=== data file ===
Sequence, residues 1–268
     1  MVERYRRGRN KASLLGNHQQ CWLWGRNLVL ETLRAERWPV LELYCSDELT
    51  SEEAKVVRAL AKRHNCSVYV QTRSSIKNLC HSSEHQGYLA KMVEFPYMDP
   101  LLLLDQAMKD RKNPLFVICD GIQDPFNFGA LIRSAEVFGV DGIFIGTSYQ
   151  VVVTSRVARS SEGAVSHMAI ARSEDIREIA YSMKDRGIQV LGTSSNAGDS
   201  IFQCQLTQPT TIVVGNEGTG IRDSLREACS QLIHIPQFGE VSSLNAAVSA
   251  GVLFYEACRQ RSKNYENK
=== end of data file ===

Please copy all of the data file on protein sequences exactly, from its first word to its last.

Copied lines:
Sequence, residues 1–268
     1  MVERYRRGRN KASLLGNHQQ CWLWGRNLVL ETLRAERWPV LELYCSDELT
    51  SEEAKVVRAL AKRHNCSVYV QTRSSIKNLC HSSEHQGYLA KMVEFPYMDP
   101  LLLLDQAMKD RKNPLFVICD GIQDPFNFGA LIRSAEVFGV DGIFIGTSYQ
   151  VVVTSRVARS SEGAVSHMAI ARSEDIREIA YSMKDRGIQV LGTSSNAGDS
   201  IFQCQLTQPT TIVVGNEGTG IRDSLREACS QLIHIPQFGE VSSLNAAVSA
   251  GVLFYEACRQ RSKNYENK